Dispensing with one-on-one lessons in a music course is not unlike getting rid of the practical component in the training of a surgeon.
They say it takes 10,000 hours of dedicated work to become an expert. I would argue that many classical musicians bring this level of commitment to their craft before they even begin university studies. For the majority, studying music at university is an opportunity to refine skills, immerse oneself in rigorous practice schemes and transform from being “that kid who played music at school” to being a musician with creative vision, ideas and the skills to make a difference in the community.
Integral to this stage of developing a young musician’s career is their instrumental teacher - someone who provides inspiration, guidance, musical expertise and often an approach to performing that has been handed down from one generation to the next.
It was with great sadness that I read this morning on a flight from London about the severe cuts the Australian National University is making to its revered School of Music. Flying in the face of logic, a decision to remove one-on-one tuition seems to me to be taking away the most essential and important aspect of a classical musician’s training. It’s not unlike removing the practical component in the training of a surgeon. A decision of this magnitude sends a destructive message that we no longer value the study of classical music enough to invest in it for future Australian students.
My own cello teacher in Sydney, Georg Pedersen, had an enormous impact on my career, not just as a musician but as a mentor. He instilled in me an approach to performance that could be traced back through generations of cellists throughout Europe and the close contact I had with him is irreplaceable. The importance of one-on-one tuition for music students is undeniable and goes to the very fabric of the artform.
While I understand the inherent constraints and difficulties in trying to fit the study of music into a university-style curriculum, to conform to a "one style fits all” approach is taking away the individuality that is so incredibly important in music. With the one-on-one tuition and dedicated theory classes being cut, the Head of School, Professor Adrian Walter is offering so-called compensation in the form of a “professional development allowance” which can go towards external private lessons or, even less immediate, lessons via video conferencing. All this is somewhat inadequate, covering only half of the vital training a student would have received prior to these changes.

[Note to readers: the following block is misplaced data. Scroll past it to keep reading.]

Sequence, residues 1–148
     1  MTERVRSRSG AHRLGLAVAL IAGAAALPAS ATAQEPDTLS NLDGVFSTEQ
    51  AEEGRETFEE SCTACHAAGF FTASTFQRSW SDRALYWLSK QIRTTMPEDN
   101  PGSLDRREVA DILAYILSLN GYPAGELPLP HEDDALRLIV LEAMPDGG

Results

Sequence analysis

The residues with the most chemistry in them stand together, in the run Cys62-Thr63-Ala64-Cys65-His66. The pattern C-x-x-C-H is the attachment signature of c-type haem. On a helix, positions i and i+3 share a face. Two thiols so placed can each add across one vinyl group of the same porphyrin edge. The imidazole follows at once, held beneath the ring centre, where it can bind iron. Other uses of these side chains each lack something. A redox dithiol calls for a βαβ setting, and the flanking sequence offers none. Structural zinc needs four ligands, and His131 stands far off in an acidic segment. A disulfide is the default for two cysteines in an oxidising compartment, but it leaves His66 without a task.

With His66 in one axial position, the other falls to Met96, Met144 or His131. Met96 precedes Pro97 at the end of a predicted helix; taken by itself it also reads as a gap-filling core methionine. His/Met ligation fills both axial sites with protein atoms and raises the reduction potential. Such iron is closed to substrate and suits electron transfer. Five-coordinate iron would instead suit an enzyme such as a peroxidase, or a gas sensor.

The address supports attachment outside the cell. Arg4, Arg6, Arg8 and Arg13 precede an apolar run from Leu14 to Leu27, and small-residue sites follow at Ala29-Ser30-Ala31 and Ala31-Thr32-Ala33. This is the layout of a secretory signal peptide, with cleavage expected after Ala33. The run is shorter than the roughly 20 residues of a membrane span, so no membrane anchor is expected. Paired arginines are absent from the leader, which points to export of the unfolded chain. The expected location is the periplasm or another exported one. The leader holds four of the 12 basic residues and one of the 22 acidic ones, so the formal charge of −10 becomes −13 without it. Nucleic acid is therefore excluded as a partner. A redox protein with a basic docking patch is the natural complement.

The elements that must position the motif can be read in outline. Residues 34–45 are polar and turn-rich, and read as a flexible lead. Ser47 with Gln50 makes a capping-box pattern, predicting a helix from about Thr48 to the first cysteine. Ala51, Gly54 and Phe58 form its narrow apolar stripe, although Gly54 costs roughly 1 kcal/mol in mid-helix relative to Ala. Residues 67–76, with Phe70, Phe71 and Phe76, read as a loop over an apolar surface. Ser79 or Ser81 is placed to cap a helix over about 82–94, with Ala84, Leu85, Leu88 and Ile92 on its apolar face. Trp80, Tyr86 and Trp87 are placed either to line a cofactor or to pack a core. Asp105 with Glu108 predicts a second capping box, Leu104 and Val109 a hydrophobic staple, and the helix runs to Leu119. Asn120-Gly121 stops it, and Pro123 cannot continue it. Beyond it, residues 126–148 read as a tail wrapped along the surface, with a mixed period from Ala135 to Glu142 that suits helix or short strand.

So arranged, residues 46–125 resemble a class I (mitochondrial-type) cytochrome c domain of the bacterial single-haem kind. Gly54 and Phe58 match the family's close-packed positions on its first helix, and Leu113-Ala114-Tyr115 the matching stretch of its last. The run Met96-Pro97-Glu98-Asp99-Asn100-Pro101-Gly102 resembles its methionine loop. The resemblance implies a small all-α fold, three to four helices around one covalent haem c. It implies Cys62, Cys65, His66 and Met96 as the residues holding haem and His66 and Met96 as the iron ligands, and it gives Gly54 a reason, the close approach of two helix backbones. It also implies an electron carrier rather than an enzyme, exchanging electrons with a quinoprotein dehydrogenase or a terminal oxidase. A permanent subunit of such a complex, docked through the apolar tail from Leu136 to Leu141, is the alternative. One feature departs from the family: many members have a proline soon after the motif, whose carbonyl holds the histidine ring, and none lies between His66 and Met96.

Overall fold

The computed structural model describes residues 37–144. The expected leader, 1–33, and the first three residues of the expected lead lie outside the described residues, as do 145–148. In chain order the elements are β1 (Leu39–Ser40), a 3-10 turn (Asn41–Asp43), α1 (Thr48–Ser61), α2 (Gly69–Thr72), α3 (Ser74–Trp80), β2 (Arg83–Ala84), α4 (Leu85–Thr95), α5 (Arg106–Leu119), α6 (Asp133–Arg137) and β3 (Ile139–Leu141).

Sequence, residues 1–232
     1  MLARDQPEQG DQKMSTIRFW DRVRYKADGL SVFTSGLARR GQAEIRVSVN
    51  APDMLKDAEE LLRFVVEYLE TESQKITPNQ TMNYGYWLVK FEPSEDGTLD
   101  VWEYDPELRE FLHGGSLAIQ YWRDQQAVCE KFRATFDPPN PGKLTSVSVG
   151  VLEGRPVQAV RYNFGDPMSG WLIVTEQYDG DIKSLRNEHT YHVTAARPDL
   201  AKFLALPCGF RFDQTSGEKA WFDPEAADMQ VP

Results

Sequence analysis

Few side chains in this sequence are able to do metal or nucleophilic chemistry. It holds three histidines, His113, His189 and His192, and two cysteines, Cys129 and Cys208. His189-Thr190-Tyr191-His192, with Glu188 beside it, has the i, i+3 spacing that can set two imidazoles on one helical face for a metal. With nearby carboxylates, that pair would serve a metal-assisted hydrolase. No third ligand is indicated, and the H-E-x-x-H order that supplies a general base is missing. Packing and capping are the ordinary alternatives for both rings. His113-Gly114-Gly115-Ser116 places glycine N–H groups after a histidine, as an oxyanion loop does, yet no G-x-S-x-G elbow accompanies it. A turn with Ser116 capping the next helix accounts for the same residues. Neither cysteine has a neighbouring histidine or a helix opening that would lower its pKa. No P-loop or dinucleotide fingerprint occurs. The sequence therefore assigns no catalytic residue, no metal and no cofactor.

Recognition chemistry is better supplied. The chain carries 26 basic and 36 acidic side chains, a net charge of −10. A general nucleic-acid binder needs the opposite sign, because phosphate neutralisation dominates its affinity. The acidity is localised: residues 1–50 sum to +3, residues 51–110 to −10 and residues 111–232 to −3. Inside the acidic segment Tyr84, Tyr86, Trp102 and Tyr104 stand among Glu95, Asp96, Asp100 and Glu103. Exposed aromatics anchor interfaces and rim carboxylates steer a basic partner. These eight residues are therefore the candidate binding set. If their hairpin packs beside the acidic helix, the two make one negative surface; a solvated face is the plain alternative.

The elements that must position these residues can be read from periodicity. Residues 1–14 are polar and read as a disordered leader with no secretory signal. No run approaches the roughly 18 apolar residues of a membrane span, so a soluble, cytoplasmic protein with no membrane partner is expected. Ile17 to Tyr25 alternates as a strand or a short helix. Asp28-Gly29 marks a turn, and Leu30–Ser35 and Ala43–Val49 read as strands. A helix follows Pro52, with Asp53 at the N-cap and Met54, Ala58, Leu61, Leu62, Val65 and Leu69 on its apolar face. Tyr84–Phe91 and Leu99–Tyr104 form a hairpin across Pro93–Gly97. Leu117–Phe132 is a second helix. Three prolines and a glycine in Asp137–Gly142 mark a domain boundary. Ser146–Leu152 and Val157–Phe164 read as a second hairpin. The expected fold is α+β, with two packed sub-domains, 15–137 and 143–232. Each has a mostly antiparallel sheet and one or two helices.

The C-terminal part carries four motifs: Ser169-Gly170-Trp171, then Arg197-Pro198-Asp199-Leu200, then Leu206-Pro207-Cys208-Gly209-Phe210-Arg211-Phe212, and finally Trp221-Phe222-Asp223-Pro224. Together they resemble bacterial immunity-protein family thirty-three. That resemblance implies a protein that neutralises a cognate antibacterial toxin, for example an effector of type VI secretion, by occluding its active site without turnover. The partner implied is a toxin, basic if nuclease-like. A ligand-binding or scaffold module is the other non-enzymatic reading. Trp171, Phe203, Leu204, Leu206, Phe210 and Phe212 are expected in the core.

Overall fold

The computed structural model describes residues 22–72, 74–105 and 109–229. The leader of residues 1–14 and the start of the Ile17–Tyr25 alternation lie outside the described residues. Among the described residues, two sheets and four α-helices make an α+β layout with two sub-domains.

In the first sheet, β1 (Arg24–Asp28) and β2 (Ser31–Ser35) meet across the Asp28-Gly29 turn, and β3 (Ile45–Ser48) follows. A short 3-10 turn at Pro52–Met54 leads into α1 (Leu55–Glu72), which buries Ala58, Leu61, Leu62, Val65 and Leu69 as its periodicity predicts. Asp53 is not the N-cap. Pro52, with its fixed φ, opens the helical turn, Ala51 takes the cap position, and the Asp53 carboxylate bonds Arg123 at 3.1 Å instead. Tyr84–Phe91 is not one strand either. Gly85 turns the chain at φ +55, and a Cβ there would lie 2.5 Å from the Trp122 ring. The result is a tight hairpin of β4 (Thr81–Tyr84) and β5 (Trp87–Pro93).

Lastly, I send my condolences to the staff and students of the School of Music. Not only does this decision send a strongly negative message about the university’s approach to classical music, but it undermines the efforts of those dedicated people who have enriched the faculty over the years. I have many fond memories spending time at the ANU School of Music as a member of the Australian Youth Orchestra and at various National Music Camps. Many of the finest Australian musicians who I admire, and in some cases am lucky enough to call my colleagues, received excellent training in Canberra from distinguished instrumental teachers. It’s disappointing that future generations may now not receive such opportunities in our nation's capital.
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Mathisha Panagoda is a cellist and founder of the Sydney Camerata. A passionate chamber and orchestral musician, he loves to travel, put on concerts and look for interesting opportunities to collaborate with like-minded people. His experiences are diverse and this blog seeks to reflect his journey as a traveling cellist, chamber musician and concert enthusiast.
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